columba (a dove or pigeon) livia, (blue, blue-gray, or lead-colored)
Saturday, May 12, 1979 — 8:00 p.m.
Chicago, Illinois — LaSalle Street — Greek Orthodox Church
First of all, let me state that I know this bird has been renamed “Rock Pigeon,” but that’s just silly.
Larry and I spent the day at Marriott’s Great American Amusement Park with Sally and Cindy. After we got back to Moody Bible Institute, he and I walked to the nearby Treasure Island grocery store for something or other. A block or so east of Moody on LaSalle Street, there is a Greek Orthodox church.
As we walked by, we saw many Rock Doves lined up on ledges near the roof. A few others were perched on a light pole in front of the church. Of course, I’d seen “pigeons” all over the place while I was living in Chicago, but these were different. Now I was listing.
This reminds me of two other amusing stories that have nothing to do with birds.
On another occasion, I went to Treasure Island and purchased a two-liter bottle of Pepsi. On the way back to school, as I was crossing a street, a taxi came roaring around the corner. (Watch out for the yellow ones — they don’t stop!). I sprinted to the curb. I had been holding the bottle with two fingers under the lip on the neck. As I landed on the curb, the bottle flew out of my hand and landed on the sidewalk about 10 feet in front of me. The lid was partially jarred off. The bottle began spinning around as a powerful stream of Pepsi shot out. It made eight or ten revolutions, spraying foam across one lane of LaSalle Street on one side and about six feet up the wall of a building on the other. When it finally came to a halt, there was about two inches of pop left in the bottle. I turned around and walked back to Treasure Island.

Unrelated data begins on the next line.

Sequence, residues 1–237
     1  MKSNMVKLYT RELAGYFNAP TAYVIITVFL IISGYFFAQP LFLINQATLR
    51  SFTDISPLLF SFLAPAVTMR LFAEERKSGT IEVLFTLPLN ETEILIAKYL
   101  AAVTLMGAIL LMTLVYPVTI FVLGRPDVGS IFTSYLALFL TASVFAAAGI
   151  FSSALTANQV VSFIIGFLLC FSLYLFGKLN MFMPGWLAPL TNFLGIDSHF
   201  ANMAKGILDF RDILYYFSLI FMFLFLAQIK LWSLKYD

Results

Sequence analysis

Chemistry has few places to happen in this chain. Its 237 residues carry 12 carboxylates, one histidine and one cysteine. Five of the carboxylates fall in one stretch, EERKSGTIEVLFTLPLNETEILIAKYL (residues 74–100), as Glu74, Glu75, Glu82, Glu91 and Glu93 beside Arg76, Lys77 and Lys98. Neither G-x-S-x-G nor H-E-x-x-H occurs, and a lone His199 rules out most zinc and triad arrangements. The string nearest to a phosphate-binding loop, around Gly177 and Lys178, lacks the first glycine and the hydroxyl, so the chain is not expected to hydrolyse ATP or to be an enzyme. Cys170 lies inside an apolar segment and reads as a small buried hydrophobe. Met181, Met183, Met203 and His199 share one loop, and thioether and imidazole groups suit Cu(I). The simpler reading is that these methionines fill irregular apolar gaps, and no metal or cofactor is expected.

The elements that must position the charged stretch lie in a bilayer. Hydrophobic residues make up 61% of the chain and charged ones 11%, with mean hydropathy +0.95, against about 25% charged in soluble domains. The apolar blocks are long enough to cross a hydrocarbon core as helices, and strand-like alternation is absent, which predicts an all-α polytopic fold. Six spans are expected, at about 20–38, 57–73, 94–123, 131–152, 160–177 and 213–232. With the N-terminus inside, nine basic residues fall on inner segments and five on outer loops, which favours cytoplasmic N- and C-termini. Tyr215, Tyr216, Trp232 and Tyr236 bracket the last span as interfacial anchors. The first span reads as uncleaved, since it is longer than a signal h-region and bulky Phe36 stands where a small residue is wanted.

For one of my classes at Moody, I was required to attend a service at a church of a different religion. I left this assignment until the last moment — the Sunday evening before it was due. With another student from the class who was also desperate and a friend from my dorm who thought it sounded like a lark, we went to the Greek Orthodox Church where I saw the Rock Doves. We quietly sat down near the back as various members of the congregation entered. Each of them stopped at a table in the back of the sanctuary and lit a candle, then sat down. We waited. The flow of people stopped. We waited. Occasionally, someone would turn and stare at us. We waited. And waited. It became apparent to us that they weren’t going to start the service until we left. Or maybe they just wanted us to light candles. We didn’t know, but we were feeling markedly conspicuous by this time. We got up quietly and filed out. I wrote my paper on the experience and, if I remember correctly, got an A.